Tuesday, April 29, 2014

A politics of care, concern and an economy of hospitality, thoughts of a good heart


The title of this blog,  A politics of care, concern and an economy of hospitality, longings of a good heart emerges out my reflections on the passover and a book entitled, The Good Heart, A Buddhist Perspective on the Teachings of Jesus, by His Holiness the Dalai Lama, and The Soul of Politics by Jim Wallis.  It also emerges out of living life engaged in a society where the norms are grounded in exploitation and rejection, where who I am is a means of profit and political gain.

"Only a prophetic morality has the capacity to transcend old ideological categories and forge new relationships and connections between people and issues.  Out of these new configurations of moral concern will come the creative political initiatives we so desperately need." Jim Wallis -The Soul of politics

One day while walking the streets of Berkeley I encountered a man who happened to be without a home.  He looked to be sincere as he asked for money for food.  Many people had passed him by, looking away.   They were seemingly walking in a state of denial, saying, no, don’t acknowledge this human being or his plight.  Seeing this I gave him a few dollars to help him out.  Months later while on BART a man came up to me and said, “You don’t remember me but you gave me a few dollars when I was down and out.  Thank you!   He was now dressed in a nice suit and tie going to work and no longer homeless.

Reflecting on this chance encounter I am reminded that care and concern are nourishment for the heart and soul and it is through care and concern that we make a difference in ourselves, our families, jobs, communities, our economy and politics.  That said, I rise each day beginning in prayer.  I seek a good heart with a large helping of grace and mercy so that I would live openly a revolutionary faith.   Moving through the day I meet people and communities who have significant needs.  The needs are deep, dynamic, diverse, at times hidden in the shadows and at times complex, they are inclusive, impacting every level of U.S. American society.   Communities of God’s people with HIV/Aids, cancer, challenges of mental health and various concerns of gender, sexuality, race, economy and politics. 

These communities exist within a very narrow mindset within contemporary U.S. culture.    They exist in a context of othering which controls discourses of identity, economy and the political.  Within this unfortunate sociocultural climate, care and concern become a healing balm with revolutionary implications.  Historically, care and concern have been the origin of many revolutions ranging from the French revolution (1789 - 1799) to the Iranian revolution (1978).  These revolutions emerge as the power structures in place dismiss those who identify as the other, who deny any notion of hospitality, i.e. access to those structures which support the various endeavors of human sustainability.   Hospitality, particularly within a discourse on economy invites a question of attention.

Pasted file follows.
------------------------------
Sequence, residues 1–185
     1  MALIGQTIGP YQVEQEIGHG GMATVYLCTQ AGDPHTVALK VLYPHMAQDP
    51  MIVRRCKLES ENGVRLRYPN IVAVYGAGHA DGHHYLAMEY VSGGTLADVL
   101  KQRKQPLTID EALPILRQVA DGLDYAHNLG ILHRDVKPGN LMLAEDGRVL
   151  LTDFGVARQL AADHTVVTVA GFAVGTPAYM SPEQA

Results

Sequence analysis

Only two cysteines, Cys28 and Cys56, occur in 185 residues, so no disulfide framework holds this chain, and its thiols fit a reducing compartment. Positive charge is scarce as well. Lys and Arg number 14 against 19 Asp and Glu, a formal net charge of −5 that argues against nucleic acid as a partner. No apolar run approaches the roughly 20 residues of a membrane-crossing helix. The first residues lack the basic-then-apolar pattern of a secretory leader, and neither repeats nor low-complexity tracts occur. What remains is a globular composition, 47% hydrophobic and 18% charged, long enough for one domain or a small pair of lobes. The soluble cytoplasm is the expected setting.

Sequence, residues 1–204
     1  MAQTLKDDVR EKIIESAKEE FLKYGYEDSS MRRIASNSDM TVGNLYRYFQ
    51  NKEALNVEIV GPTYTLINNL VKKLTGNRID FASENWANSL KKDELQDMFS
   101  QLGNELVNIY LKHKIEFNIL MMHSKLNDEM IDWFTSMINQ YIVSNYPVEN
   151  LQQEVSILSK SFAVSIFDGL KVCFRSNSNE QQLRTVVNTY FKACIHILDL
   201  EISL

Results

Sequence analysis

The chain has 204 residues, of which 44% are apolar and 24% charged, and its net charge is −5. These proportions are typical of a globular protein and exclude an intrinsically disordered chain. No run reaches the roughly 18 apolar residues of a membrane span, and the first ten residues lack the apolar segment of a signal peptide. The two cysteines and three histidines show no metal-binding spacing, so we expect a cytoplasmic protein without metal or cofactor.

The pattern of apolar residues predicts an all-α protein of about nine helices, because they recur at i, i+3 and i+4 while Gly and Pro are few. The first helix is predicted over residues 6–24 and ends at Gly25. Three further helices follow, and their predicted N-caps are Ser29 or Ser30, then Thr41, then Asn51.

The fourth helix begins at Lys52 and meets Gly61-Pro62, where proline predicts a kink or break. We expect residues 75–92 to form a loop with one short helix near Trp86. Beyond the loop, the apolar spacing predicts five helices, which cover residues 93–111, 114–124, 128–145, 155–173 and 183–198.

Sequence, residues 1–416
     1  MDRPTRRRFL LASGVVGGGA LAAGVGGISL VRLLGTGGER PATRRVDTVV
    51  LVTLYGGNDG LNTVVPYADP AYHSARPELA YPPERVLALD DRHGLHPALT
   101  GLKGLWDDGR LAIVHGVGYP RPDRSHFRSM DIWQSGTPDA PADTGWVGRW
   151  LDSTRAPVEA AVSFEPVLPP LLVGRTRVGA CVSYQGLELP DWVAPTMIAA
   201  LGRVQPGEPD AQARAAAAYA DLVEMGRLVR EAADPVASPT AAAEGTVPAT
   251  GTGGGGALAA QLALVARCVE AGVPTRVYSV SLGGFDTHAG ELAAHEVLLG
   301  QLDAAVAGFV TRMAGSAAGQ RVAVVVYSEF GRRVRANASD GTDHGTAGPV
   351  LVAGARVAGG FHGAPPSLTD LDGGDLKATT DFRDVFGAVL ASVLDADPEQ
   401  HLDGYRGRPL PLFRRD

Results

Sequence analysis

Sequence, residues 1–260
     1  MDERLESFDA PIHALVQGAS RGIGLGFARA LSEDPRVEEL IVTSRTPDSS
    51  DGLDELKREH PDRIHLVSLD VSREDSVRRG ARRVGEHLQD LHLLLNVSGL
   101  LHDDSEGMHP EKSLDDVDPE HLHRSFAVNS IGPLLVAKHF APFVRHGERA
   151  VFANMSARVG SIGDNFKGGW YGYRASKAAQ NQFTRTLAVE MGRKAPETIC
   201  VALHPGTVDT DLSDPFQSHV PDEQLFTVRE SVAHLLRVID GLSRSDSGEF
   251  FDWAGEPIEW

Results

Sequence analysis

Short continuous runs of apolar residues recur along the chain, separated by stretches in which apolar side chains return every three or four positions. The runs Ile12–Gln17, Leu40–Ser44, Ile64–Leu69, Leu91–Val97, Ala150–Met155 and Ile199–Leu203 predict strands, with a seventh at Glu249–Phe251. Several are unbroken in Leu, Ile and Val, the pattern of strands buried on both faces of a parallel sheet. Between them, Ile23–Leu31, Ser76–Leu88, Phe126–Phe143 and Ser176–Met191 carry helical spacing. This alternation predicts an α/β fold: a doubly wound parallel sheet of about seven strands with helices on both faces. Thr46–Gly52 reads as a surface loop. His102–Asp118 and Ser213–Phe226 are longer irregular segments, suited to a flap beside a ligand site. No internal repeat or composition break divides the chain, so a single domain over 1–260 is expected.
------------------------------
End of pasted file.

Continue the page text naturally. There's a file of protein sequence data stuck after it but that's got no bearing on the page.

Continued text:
From a social justice perspective, care and concern within a progressive conversation regarding attention becomes significant policy considerations regarding the distribution of wealth and resources.  I suggest here that this is a critical witness towards the transformation of human sustainability within the principles of revolutionary faith.  It is about structures of economy and politics in regard to those who have been disenfranchised and marginalized.  This is a significant contrast with regard to the structures of capitalism which advocate for an American gilded age where a few oligarchs reap profits as factors of credibility decreed by a supreme court on the backs of millions upon millions of low income non union wage workers.  What I mean is that capitalism, while on the surface seems liberating and ultra individualistic, actually has significant challenges regarding the usage of our neighbor as a means to survival and capital; it’s pretty selfish as practiced by some in the U.S. American context today.  Community within a context of capitalism runs the real risk of becoming a place of profit and ultimately abusive to the soul. 

That said, as a society, we invest a significant amount of time and money in systems that enable us to live in states of denial, in a peculiar unconsciousness that protects us from the storms and struggles of life, to limit our vulnerability to the fullness of life and as such to those deeper realities of consciousness, even the experience of existence as it is. [1] We necessarily minimize and restrict care and concern, and advocate, by a narrowness of mind, for a cave mentality, scared to walk into the sunlight of liberation.  For as much as this mentality frames a discourse on so called U.S. American progress care and concern are a means to say, come out, come, wherever you are. 

In closing this initial blog post of The Community of Revolutionary Faith advocates for an economy of hospitality grounded in the care and concerns of those on the margins, the disenfranchised, the impoverished and those that feel that no one cares or listens. 


[1] From a talk given by Adyashanti:  The Inner Revolution of Spiritual Awakening, October 22, 2010 accessed April 27, 2014.